Sales of existing homes in the US surged in June to their highest level in more than eight years and prices hit a record high, the National Association of Realtors said Wednesday.
Sales of previously owned homes rose to an annual rate of 5.49 million units, a gain of 3.2 percent from the slightly downwardly revised May level, the NAR reported.
June's heated sales pace was the strongest since February 2007, before the economy entered the Great Recession.
It came in well above analysts' consensus estimate of a 0.9 percent increase month-over-month.
Year-over-year, existing-home sales were up 9.6 percent.
The combination of rising demand and a limited supply helped to push the median sales price above the July 2006 peak to a record high, NAR said.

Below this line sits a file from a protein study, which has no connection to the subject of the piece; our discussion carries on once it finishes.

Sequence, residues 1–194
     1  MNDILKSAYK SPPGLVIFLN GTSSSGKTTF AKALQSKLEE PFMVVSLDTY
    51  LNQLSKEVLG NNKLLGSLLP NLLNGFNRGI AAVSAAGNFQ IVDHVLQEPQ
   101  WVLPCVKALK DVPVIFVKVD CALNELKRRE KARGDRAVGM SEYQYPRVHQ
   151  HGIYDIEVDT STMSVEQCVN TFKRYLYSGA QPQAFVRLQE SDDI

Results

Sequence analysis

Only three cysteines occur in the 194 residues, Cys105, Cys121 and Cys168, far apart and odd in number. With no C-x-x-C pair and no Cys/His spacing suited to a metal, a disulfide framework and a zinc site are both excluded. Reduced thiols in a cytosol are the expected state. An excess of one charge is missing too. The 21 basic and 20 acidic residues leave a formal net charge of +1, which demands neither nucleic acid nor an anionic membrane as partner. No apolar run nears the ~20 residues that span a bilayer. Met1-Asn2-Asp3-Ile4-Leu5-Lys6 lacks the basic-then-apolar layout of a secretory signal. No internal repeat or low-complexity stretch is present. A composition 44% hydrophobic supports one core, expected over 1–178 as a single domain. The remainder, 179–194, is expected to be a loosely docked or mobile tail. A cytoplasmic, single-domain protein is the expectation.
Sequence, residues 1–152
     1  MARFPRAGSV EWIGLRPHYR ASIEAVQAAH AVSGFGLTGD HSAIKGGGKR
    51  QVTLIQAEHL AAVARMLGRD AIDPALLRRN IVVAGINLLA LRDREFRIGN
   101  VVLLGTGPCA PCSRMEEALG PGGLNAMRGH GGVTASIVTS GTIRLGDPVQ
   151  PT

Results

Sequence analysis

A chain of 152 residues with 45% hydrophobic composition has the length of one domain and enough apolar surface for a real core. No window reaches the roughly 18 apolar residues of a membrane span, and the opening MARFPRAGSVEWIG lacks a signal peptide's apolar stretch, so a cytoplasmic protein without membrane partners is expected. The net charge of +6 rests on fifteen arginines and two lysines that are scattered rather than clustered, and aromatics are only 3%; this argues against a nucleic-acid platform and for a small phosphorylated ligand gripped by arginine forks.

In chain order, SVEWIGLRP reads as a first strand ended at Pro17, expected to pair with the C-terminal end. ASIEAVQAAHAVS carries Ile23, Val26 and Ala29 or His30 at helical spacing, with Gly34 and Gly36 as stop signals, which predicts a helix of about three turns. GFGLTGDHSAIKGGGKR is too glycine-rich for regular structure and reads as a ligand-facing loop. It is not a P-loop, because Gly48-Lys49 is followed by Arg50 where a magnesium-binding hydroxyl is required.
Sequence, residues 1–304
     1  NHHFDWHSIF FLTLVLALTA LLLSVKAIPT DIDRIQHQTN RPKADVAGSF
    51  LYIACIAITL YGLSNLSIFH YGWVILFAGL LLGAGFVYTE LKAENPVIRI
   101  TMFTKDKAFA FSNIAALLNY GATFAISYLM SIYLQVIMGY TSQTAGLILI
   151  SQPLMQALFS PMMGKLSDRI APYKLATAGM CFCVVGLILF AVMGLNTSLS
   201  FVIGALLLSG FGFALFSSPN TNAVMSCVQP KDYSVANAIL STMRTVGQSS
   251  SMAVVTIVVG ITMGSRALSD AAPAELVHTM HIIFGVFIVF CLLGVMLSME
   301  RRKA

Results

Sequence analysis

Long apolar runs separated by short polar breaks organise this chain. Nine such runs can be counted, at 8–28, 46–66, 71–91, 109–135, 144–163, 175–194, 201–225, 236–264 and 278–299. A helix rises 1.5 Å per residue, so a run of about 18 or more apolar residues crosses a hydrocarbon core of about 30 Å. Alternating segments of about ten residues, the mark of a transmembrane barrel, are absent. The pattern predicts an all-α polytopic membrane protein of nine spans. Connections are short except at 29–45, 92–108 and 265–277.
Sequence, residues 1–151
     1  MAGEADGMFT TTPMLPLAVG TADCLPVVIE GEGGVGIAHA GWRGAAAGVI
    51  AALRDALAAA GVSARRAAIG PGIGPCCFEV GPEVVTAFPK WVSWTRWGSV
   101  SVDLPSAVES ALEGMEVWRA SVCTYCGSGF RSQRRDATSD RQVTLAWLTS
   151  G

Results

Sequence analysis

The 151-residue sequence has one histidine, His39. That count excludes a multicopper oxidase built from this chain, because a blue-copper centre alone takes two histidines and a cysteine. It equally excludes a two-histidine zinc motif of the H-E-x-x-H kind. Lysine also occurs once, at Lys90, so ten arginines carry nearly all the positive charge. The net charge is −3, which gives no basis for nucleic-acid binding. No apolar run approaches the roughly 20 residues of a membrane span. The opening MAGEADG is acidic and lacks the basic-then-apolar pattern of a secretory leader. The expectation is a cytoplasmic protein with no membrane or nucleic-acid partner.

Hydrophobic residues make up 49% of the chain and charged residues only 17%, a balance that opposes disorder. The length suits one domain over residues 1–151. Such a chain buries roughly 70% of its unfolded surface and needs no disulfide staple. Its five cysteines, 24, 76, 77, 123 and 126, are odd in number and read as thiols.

The spring buying season has been the strongest since the downturn, said Lawrence Yun, NAR chief economist.
"Buyers have come back in force, leading to the strongest past two months in sales since early 2007," he said.
"This wave of demand is being fueled by a year-plus of steady job growth and an improving economy that's giving more households the financial wherewithal and incentive to buy."
The median existing-home sales price in June was $236,400, a gain of 6.5 percent from June 2014 and the 40th straight month of year-over-year gains.
Supply of homes for sale remained tight at 2.30 million, rising 0.9 percent from May. Unsold inventory fell to a 5.0-month supply at the current sales pace, down from a 5.1-month reading in May.
Properties typically stayed on the market for 34 days in June, down from 40 days in May and the shortest time on record, said NAR, which began tracking that data in May 2011.